Is it possible to really love the Lord, have a heart for God, spend time and money in His work, put God first, be dedicated to Him—and still hold on to areas of disobedience to the clear Word of God?
With all his heart Solomon wanted divine wisdom and discernment to know the difference between right and wrong. God appeared to him in a dream and said, “Ask what I shall give thee” (1 Kings 3:5). Solomon was given “an understanding heart to . . . discern between good and bad” (1 Kings 3:9). But God added this warning: “If thou wilt walk in my ways, to keep my statutes and my commandments, as thy father David did walk, then I will lengthen thy days” (1 Kings 3:14). Solomon heard a powerful sermon from God Himself! He had the sermons of his father David ringing in his ears and also the example of his father’s sin and consequent judgment. He had the law and the judges, including Deborah, Samuel and the prophet Nathan. David warned, “Keep the charge of the Lord thy God . . . to keep his statutes, and his commandments . . . as it is written in the law of Moses” (1 Kings 2:3).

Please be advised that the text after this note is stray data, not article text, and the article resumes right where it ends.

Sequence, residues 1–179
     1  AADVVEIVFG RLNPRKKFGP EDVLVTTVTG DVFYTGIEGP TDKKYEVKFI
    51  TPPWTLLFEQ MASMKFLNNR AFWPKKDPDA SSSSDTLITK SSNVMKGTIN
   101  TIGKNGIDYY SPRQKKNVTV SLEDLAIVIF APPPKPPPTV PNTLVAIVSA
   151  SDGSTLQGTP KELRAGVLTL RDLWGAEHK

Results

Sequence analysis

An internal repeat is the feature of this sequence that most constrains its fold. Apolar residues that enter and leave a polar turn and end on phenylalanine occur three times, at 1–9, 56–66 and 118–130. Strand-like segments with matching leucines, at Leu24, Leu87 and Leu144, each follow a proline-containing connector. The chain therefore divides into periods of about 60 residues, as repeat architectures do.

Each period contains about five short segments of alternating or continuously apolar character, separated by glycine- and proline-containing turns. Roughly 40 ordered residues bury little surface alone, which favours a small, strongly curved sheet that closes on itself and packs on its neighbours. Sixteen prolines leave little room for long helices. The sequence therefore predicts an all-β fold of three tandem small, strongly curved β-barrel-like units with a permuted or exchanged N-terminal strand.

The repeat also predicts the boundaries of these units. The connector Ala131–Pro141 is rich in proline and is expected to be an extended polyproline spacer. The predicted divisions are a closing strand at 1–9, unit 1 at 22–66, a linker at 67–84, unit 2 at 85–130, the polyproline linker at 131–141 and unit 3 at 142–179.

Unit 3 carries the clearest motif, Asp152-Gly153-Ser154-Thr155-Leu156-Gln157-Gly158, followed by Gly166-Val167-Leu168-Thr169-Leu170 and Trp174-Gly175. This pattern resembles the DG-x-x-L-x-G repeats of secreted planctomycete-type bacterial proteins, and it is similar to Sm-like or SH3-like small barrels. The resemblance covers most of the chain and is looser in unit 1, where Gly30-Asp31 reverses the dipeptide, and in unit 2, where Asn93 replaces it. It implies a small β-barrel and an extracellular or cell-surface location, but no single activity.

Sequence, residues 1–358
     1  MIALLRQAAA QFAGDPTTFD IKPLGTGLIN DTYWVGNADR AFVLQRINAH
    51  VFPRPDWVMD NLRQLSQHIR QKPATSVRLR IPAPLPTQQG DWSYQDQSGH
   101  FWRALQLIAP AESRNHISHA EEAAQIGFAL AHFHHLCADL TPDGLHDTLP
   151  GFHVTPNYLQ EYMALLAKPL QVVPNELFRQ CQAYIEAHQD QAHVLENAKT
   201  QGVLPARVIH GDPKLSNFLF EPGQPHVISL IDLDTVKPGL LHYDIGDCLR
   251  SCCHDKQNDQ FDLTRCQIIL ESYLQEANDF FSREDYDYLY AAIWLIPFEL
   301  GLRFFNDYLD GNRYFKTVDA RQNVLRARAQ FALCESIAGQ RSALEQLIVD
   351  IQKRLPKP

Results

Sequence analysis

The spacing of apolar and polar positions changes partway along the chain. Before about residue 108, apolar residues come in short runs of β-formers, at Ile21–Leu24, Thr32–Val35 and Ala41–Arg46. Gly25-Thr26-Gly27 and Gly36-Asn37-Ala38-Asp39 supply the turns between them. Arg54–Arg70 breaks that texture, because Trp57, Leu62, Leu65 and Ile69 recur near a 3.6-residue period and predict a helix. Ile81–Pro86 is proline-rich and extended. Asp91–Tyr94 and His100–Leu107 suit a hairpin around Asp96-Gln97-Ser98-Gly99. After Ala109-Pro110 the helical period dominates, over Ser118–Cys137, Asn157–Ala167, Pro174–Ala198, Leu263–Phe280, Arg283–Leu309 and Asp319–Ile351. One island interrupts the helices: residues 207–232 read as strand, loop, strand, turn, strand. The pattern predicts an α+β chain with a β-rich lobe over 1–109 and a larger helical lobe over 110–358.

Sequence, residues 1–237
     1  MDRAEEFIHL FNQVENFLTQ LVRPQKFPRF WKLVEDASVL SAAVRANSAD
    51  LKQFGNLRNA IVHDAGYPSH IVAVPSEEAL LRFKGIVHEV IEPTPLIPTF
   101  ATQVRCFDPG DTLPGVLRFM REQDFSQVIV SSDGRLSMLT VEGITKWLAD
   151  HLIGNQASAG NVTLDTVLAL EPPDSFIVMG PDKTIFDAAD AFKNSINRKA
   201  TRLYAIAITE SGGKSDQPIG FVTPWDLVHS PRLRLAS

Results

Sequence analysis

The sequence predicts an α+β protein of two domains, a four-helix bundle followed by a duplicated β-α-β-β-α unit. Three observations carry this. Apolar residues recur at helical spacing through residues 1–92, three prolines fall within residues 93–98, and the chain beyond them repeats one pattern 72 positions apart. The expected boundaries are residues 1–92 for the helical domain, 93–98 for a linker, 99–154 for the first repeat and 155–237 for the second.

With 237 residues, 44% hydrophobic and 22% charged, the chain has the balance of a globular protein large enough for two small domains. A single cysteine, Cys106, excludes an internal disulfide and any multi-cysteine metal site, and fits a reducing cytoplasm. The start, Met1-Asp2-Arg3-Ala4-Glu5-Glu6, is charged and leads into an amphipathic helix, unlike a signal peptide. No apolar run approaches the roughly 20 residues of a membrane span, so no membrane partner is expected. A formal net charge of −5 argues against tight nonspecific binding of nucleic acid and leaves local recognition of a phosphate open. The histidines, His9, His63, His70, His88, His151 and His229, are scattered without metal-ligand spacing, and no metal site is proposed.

Solomon knew the Word. As a result of all God revealed to him, he wrote over a thousand songs and three thousand proverbs! In his proverbs, he warned against the evil power of strange women: “Her end is bitter as wormwood, sharp as a two-edged sword. Her feet go down to death; her steps take hold on hell” (Proverbs 5:4-5). Oh, how he knew the Word! How good he was at preaching it to others. World leaders came to consult with him. But as wise, discerning, and God-blessed as he was, he still clung to areas of disobedience in his life.
Solomon took a single step of disobedience which eventually turned him into a hardened, sermon-proof, lust-driven man. He considered it a small indiscretion when he took the daughter of Pharaoh as his wife; to him it was just a marriage of convenience. He “took Pharaoh's daughter, and brought her into the city of David” (1 Kings 3:1). She was the strange woman Solomon warned against in his proverbs, the woman whose gate led to hell! The daughter of Pharaoh represents that single cord that still holds us to something of this world, a single, besetting sin that is not surrendered—that single compromise that always seems justified!